U.N. says Israel violated international law, after shells hit school in Gaza

United Nations officials accused Israel of violating international law after artillery shells slammed into a school overflowing with evacuees Wednesday, an attack that Palestinian and U.N. officials said killed at least 20 people and wounded dozens as they slept.

It was one of the worst mass-casualty incidents of the three-week war. The building was the sixth U.N. school in the Gaza Strip to be rocked by explosions during the conflict.

Israeli officials said they were trying to determine who was responsible for the bloodshed. In past incidents, the Israeli military blamed errant rocket or mortar fire by Gaza militants for explosions at U.N. schools — or said the blasts were under investigation.

The U.N. Relief and Works Agency (UNRWA), which operated the school-turned-shelter in the Jabalya refugee camp, said it had gathered evidence, analyzed bomb fragments and examined craters after the attack. Its initial assessment was that three Israeli artillery shells hit the school where 3,300 people had sought refuge.

“I condemn in the strongest possible terms this serious violation of international law by Israeli forces,” said Pierre Krähenbühl, the UNRWA commissioner-general. “This is an affront to all of us, a source of universal shame. Today the world stands disgraced.”

U.N. Secretary-General Ban Ki-moon said “all available evidence points to Israeli artillery as the cause” of the pre-dawn attack.

Ban said Israel had received the precise GPS coordinates of the school from the United Nations 17 times.

The White House issued a statement condemning the attack and lamenting the deaths, but did not mention Israel as the possible source.

The Israeli military announced a brief humanitarian cease-fire in the Gaza Strip on Wednesday evening. The pause in hostilities would not apply to areas in which the military is operating, it said.

A Hamas spokesman dismissed the lull as a “media stunt” that would not allow rescue workers to recover casualties in combat zones that Israel was excluding from the cease-fire.

Lt. Col. Peter Lerner, a senior spokesman for the Israeli military, called the shelling of the U.N. school “a true tragedy,” and said the incident is under investigation.

“There was mortar fire in the area, directed at our troops,” he said. “There was an exchange of fire. We have yet to determine if it was Israeli munitions that struck the compound.”

Satellite images released by the United Nations show the impact of Israeli strikes on structures in Gaza. One of the most ravaged areas is the Shijaiyah neighborhood in the southeastern part of Gaza City.

One of the survivors said she had no doubt who was at fault for the barrage.

“There were five shells, one after the other. We were a clear target,” said Hannah Sweilem, 33, who was in the shelter with her husband and eight children. “If the Israelis say it was a mistake, they are lying.”

“We blame the United Nations,” she added. “We are under their protection.”

The Israeli military said Hamas and other militant groups are fighting in residential areas and using civilians as human shields.

Lerner said that several previous high-profile attacks blamed on Israel, at Gaza City’s Shifa Hospital and the Al-Shati refugee camp, were actually blunders by Hamas, whose rockets and mortars were falling short of their targets in Israel.

Hidden caches of rockets have been discovered at three U.N. schools in Gaza since the conflict began, and the refugee agency has accused unnamed groups of putting civilians at risk. “We call on all the warring parties to respect the inviolability of U.N. property,” UNRWA spokesman Chris Gunness said in a statement Tuesday, after weapons were found at one such facility.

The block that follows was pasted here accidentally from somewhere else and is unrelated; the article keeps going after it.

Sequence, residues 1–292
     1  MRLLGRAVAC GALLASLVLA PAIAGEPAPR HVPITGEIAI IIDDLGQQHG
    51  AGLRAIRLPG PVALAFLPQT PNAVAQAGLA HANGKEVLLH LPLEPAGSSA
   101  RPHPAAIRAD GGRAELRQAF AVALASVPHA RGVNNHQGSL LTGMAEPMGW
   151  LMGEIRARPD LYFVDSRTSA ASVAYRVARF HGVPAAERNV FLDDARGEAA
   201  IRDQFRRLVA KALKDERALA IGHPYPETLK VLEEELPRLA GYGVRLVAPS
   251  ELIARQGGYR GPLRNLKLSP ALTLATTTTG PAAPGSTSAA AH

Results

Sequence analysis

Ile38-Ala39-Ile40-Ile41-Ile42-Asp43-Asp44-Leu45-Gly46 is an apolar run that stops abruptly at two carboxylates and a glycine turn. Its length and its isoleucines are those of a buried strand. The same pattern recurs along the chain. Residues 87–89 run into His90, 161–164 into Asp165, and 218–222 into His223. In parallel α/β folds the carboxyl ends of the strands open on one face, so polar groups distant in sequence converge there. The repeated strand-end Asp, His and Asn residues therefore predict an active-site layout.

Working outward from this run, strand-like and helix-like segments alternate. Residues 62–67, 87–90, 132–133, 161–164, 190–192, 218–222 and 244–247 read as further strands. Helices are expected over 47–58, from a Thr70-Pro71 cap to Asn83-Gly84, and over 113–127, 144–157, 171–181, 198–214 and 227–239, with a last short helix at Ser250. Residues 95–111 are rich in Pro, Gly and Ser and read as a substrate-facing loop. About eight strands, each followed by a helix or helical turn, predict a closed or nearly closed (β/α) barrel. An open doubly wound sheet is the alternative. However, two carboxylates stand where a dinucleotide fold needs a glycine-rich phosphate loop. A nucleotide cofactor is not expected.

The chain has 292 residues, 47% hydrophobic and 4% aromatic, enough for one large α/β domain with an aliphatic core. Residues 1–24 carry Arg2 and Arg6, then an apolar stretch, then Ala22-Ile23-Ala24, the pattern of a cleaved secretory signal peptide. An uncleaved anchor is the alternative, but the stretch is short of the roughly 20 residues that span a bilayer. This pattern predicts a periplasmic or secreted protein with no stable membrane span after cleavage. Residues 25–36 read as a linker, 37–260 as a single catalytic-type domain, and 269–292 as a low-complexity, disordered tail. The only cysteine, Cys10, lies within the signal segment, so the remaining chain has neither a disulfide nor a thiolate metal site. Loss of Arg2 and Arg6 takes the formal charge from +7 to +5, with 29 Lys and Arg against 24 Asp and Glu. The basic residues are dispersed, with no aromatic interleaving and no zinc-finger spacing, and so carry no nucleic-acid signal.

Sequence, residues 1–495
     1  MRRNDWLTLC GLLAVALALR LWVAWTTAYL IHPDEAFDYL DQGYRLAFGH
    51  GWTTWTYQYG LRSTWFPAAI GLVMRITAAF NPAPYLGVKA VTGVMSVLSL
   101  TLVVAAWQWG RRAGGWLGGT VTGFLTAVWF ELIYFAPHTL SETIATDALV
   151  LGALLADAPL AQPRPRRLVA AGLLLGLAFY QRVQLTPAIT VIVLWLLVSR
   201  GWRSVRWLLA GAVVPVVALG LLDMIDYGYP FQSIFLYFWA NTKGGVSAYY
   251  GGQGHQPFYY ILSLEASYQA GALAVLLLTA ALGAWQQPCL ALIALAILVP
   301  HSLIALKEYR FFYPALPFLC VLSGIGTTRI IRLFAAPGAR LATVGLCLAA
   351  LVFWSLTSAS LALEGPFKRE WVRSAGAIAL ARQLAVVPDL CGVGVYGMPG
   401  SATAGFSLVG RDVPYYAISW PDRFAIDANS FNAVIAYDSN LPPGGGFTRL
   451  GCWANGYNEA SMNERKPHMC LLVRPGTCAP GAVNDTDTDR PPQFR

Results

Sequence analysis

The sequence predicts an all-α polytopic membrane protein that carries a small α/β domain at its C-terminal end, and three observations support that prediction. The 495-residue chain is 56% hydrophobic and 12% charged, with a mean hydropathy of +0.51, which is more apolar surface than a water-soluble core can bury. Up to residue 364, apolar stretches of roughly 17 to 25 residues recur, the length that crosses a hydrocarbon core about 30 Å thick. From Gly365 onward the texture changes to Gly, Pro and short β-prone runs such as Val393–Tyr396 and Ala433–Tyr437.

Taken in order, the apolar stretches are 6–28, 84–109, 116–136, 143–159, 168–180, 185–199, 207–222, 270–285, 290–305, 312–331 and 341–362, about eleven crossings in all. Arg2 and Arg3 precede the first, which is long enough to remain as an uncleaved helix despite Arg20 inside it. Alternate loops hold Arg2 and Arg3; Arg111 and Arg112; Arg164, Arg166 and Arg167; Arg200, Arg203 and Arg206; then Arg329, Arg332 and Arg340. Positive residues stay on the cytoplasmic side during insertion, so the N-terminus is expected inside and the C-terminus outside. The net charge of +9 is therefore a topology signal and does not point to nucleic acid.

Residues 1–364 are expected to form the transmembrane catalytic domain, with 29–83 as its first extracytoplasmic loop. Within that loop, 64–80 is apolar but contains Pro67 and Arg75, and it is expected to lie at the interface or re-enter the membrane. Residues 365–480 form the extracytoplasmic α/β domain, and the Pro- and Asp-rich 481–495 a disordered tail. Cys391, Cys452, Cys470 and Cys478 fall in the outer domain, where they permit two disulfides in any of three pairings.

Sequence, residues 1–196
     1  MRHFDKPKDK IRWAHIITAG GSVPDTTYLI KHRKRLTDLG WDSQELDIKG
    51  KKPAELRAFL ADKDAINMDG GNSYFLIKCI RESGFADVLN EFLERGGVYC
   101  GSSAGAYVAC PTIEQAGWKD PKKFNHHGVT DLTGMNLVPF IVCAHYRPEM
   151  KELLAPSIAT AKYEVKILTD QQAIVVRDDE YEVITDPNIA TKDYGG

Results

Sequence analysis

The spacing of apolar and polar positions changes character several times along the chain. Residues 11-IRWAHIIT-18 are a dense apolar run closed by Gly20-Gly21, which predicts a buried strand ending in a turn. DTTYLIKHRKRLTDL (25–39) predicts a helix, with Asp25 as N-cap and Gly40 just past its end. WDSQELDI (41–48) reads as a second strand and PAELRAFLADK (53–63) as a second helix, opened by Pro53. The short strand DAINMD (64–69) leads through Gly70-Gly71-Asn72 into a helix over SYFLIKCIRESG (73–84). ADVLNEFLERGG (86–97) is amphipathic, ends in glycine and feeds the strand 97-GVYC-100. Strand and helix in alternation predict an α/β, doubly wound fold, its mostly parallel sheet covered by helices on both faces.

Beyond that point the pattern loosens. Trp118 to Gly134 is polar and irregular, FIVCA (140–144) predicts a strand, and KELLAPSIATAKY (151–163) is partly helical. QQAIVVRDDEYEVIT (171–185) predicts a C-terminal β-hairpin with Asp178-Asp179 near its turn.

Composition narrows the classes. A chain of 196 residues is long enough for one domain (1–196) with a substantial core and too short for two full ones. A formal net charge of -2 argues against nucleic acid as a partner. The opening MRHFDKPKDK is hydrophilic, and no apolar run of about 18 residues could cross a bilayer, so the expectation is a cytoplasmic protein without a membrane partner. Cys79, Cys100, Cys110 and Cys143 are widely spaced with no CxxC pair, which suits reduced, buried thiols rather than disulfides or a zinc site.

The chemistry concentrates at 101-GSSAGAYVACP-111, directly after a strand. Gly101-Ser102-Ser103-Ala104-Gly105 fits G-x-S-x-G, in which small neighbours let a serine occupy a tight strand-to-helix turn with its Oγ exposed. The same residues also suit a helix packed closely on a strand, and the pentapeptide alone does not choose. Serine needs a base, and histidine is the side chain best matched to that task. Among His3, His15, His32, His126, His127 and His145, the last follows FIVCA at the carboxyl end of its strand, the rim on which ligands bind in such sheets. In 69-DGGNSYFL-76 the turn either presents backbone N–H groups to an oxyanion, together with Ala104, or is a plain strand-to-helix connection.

Mounting casualties

Gaza Health Ministry officials said that more than 105 people were killed in Israeli strikes Wednesday and that more than 400 were injured as Israel pressed ahead with its escalated campaign against the coastal enclave.

The Palestinian casualty toll rose to at least 1,340 killed and about 7,200 injured, Gaza health officials said. Many of the casualties have been civilians, including about a third who are children, according to the United Nations.

Israel has lost at least 56 soldiers in the conflict, its largest toll since its 2006 war in Lebanon. Mortar and rocket attacks from Gaza also have killed two Israeli civilians and a Thai worker.

Israeli Prime Minister Benjamin Netanyahu warned his country in a televised address Monday evening to be prepared for a prolonged campaign against Hamas. Israel has said it cannot stop until it dismantles a network of tunnels that are used by militants to infiltrate into Israel from Gaza.

Witnesses at the Jabalya Primary School for Girls said the shelling Wednesday struck a classroom where about 50 people, mostly women and children, were sleeping. The room’s roof was ripped apart.

Most of the dead, however, were young men who had woken for the traditional Muslim dawn prayer, said Moen al-Masr, a doctor at the Kamal Odwan hospital.

Said Allah al-Bes, 33, who was seeking refuge at the school with his wife and three sons: “We found people torn to pieces. It was like hell.”

Bes and his family went to the U.N. facility after an earlier attack on a U.N.-run school in Beit Hanoun. “We have learned no place is safe in Gaza,” he said.

Booth and Eglash reported from Jerusalem. Islam Abdel Karim in Gaza City contributed to this report.

Sudarsan Raghavan has been The Post's Kabul bureau chief since 2014. He was previously based in Nairobi and Baghdad for the Post.
William Booth is The Post’s Jerusalem bureau chief. He was previously bureau chief in Mexico, Los Angeles and Miami.
Ruth Eglash is a reporter for The Washington Post based in Jerusalem. She was formerly a reporter and senior editor at the Jerusalem Post and freelanced for international media.
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